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In 1990, the Malaysian state of Johor—along with Singapore and the Indonesian island of Batam—launched the Growth Triangle to attract foreign direct investment. For Johor, this drive was very successful, transforming its economy and driving up income levels. Today, Johor is one of Malaysia's "developed" states, housing large clusters of electrical and electronics, food processing, and furniture producing firms. While welcome, this structural transformation has also entailed important challenges and strategic choices. After three decades, Johor's manufacture-for-export model is under question, as it faces increasing competition and flat-lining technological capabilities. In response, the state has sought to diversify its economy through strategic investments in new, mostly service-based activities. Yet, Johor retains pockets of excellence in traditional sectors that also require support and policy attention. The state's economic transformation has also been accompanied by far-reaching political, social, and environmental change. Not least, Johor's growing population has generated demand for affordable housing and put pressure on public services. The strain has been exacerbated by workers from other states and overseas. These demographic factors and large-scale projects have, in turn, put stress on the environment. Building on earlier work by the ISEAS – Yusof Ishak Institute on the Singapore-Johor-Riau Islands Cross-border Region, this book focuses on this important Malaysian state, as it deals with important domestic challenges on one hand and strives to engage with international markets on the other.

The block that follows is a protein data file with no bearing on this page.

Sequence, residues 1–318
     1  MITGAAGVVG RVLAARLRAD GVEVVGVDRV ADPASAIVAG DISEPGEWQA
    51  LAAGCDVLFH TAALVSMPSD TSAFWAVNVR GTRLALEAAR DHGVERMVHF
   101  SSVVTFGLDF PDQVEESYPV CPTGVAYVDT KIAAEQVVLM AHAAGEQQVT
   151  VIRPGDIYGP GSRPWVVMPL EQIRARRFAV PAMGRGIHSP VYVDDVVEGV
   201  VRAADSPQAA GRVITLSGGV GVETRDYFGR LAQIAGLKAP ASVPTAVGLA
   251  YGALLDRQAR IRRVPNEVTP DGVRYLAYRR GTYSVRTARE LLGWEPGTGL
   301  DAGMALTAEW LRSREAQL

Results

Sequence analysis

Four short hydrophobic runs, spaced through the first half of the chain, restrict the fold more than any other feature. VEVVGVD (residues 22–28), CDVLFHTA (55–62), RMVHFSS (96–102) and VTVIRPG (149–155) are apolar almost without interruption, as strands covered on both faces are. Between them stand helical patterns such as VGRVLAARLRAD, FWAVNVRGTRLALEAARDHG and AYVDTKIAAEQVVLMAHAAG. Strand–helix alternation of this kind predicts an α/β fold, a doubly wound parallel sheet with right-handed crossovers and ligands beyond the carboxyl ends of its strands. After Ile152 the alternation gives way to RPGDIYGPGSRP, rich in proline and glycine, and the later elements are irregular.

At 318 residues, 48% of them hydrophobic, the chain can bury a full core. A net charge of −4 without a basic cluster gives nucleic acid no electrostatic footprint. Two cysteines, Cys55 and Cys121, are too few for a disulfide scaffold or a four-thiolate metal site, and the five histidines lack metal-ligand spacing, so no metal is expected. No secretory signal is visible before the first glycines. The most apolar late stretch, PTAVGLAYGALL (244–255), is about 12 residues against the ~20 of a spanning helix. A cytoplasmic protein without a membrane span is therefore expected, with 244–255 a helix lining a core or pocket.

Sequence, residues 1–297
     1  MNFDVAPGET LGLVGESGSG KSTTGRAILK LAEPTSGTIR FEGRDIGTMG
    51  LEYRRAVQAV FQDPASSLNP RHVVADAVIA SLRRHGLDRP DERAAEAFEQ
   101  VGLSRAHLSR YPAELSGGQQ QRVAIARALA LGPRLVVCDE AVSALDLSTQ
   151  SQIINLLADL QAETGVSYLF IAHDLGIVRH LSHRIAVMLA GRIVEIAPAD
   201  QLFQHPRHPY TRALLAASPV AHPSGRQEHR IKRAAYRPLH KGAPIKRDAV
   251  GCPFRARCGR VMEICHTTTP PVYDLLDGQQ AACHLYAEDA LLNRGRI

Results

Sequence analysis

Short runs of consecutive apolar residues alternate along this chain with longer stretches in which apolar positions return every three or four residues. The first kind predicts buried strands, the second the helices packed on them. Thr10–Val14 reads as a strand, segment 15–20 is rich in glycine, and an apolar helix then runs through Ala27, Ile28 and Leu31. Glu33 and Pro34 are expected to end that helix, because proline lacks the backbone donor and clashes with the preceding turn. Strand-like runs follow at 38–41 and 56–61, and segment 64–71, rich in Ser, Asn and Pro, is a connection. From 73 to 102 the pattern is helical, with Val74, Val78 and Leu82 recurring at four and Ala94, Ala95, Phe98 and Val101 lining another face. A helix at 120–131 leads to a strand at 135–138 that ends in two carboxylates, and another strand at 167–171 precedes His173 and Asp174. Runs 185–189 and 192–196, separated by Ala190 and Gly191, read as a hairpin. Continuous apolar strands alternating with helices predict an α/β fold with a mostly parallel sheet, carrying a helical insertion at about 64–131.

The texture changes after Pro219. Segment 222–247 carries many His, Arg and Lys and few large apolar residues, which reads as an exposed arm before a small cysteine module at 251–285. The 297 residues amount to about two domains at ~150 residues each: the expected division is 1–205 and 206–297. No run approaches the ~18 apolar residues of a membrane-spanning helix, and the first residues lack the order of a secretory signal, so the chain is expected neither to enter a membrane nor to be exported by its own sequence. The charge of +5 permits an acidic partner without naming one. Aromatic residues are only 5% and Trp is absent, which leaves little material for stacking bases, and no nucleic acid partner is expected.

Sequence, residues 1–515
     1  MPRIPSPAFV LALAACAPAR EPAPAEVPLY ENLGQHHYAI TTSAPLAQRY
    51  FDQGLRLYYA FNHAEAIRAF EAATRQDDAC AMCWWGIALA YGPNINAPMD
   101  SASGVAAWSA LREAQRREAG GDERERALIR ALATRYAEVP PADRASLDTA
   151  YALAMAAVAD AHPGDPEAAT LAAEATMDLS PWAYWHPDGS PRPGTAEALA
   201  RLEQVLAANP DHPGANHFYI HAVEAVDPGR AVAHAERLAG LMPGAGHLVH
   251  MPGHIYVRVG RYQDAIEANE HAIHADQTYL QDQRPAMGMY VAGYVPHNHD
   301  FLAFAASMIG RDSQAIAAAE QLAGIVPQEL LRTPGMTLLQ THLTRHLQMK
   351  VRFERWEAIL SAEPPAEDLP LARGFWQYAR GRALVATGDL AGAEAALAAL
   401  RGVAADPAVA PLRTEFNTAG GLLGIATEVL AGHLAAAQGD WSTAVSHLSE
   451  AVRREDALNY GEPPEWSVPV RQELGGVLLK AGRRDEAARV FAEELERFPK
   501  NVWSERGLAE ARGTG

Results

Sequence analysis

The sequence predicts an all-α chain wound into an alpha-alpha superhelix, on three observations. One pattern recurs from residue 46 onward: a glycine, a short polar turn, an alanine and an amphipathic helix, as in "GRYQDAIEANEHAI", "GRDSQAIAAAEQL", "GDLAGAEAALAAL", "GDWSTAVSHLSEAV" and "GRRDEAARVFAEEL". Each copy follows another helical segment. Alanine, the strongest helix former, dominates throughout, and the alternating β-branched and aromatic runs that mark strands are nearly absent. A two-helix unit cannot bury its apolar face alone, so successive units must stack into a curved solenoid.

Just like the Gutenberg revolution in the fifteenth century, which led to the emergence of non-conventional religious authority in the Christian world, the current information technology revolution, particularly through mediums such as Facebook, Instagram, YouTube, and Twitter, has triggered the re-construction and decentralization of religious authority in Islam. New santri (pious individuals) and preachers emerged from the non-conventional religious educational system. They not only challenged the traditional authorities, but also redefine and re-conceptualize old religious terminologies, such as hijra and wasatiyya. This book explores the dynamics of religious authority in Indonesia with special attention to the challenges from the "new santri". It is a rich and important book on religion. I recommend students of religion in Indonesia and other countries to read it.Ahmad Syafi'i Maarif, Professor Emeritus of History at Yogyakarta State UniversityAn important and timely volume that addresses the changing nature of Islamic leadership in the world's most popular Muslim country. This book debunks many (mis)perceptions that Indonesia Islam is monolithic. It also redefines dominant characterization of Islam by Orientalist scholars, such as santri and abangan Muslims.Haedar NashirChairman of MuhammadiyahThis edited volume evaluates the new development of Islamic scholarship and authority in Indonesia. Things have changed significantly in recent times that make many observers and researchers wondering: has Indonesia moved from traditional authorities, mainstream Islamic organizations, and the established scholarship to the new actors, movements and platforms? Has the change occurs owing to the democratization and political reforms that took place in the last twenty years or are there other factors we need to take into account? The contributors in this book provide possible answers from many different areas and perspectives. It's a must-read!Nadirsyah HosenMonash University, Australia